Limited information exists regarding the current state of practice of continuing a patient’s home statin therapy upon ICU admission. In a 2012 international survey of physicians in Australia, New Zealand, and the United Kingdom, 77.4% of physicians responded that they would restart a patient’s statin therapy during ICU admission, even if no new cardiac indications were present.21

Further randomized trials are needed to confirm the risk-benefit ratio of continuing statin therapy in the ICU. The suggestion of benefit across a variety of outcomes without an apparent increase in adverse effects and the low cost of therapy favor continuation while more definitive evidence is gathered.

Abbreviations

ACS

acute coronary syndrome

ALT

alanine aminotransferase

ARDSNet

ARDS Clinical Trial Network

AST

aspartate aminotransferase

Pencina MJ, Navar-Boggan AM, D’Agostino RB Sr, et al. Application of new cholesterol guidelines to a population-based sample. N Engl J Med. 2014;370(15):1422-1431. [CrossRef] [PubMed]
 
Stone NJ, Robinson JG, Lichtenstein AH, et al. 2013 ACC/AHA guideline on the treatment of blood cholesterol to reduce atherosclerotic cardiovascular risk in adults: a report of the American College of Cardiology/American Heart Association Task Force on Practice Guidelines. Circulation. 2014;129(25)(suppl 2):S1-S45. [CrossRef] [PubMed]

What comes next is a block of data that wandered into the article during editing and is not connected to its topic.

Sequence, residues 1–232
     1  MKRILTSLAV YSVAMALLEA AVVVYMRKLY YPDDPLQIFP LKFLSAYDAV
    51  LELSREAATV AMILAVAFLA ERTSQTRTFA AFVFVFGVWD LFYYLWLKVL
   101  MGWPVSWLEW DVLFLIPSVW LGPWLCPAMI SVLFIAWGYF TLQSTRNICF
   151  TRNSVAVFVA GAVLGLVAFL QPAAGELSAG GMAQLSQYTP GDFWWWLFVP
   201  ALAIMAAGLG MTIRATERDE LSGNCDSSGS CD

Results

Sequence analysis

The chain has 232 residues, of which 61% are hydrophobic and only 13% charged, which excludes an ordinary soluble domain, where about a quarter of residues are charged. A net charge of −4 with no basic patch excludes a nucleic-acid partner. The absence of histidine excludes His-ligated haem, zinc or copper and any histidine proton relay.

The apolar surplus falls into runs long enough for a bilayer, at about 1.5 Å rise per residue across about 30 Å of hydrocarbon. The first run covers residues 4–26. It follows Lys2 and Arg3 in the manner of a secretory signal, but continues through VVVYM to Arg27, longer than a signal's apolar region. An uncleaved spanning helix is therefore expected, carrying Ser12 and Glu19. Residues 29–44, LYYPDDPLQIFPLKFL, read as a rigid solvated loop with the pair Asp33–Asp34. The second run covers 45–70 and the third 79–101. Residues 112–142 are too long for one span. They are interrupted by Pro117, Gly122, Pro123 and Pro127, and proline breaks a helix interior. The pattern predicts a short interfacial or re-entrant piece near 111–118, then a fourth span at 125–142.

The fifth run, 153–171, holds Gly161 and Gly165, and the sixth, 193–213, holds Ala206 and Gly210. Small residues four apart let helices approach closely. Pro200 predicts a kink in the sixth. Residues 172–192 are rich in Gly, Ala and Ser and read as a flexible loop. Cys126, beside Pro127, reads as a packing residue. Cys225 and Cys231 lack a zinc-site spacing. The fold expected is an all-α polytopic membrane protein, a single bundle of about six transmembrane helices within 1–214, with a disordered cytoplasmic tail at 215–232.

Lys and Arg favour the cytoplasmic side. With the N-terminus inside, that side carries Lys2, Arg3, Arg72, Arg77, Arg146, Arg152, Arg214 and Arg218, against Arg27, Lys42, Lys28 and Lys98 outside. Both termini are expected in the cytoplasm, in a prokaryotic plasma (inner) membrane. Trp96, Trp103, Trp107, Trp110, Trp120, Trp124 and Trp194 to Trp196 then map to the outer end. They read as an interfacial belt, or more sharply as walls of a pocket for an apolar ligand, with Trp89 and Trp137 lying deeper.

Kruger PS, Harward ML, Jones MA, et al. Continuation of statin therapy in patients with presumed infection: a randomized controlled trial. Am J Respir Crit Care Med. 2011;183(6):774-781. [CrossRef] [PubMed]
 
Bell CM, Brener SS, Gunraj N, et al. Association of ICU or hospital admission with unintentional discontinuation of medications for chronic diseases. JAMA. 2011;306(8):840-847. [CrossRef] [PubMed]
 
De Loecker I, Preiser JC. Statins in the critically ill. Ann Intensive Care. 2012;2(1):19. [CrossRef] [PubMed]
 
Heeschen C, Hamm CW, Laufs U, Snapinn S, Böhm M, White HD; Platelet Receptor Inhibition in Ischemic Syndrome Management (PRISM) Investigators. Withdrawal of statins increases event rates in patients with acute coronary syndromes. Circulation. 2002;105(12):1446-1452. [CrossRef] [PubMed]
 
Blanco M, Nombela F, Castellanos M, et al. Statin treatment withdrawal in ischemic stroke: a controlled randomized study. Neurology. 2007;69(9):904-910. [CrossRef] [PubMed]
 
Schouten O, Hoeks SE, Welten GM, et al. Effect of statin withdrawal on frequency of cardiac events after vascular surgery. Am J Cardiol. 2007;100(2):316-320. [CrossRef] [PubMed]
 
Kruger P, Fitzsimmons K, Cook D, Jones M, Nimmo G. Statin therapy is associated with fewer deaths in patients with bacteraemia. Intensive Care Med. 2006;32(1):75-79. [CrossRef] [PubMed]
 
Forrest GN, Kopack AM, Perencevich EN. Statins in candidemia: clinical outcomes from a matched cohort study. BMC Infect Dis. 2010;10:152. [CrossRef] [PubMed]
 
Al Harbi SA, Tamim HM, Arabi YM. Association between statin therapy and outcomes in critically ill patients: a nested cohort study. BMC Clin Pharmacol. 2011;11:12. [CrossRef] [PubMed]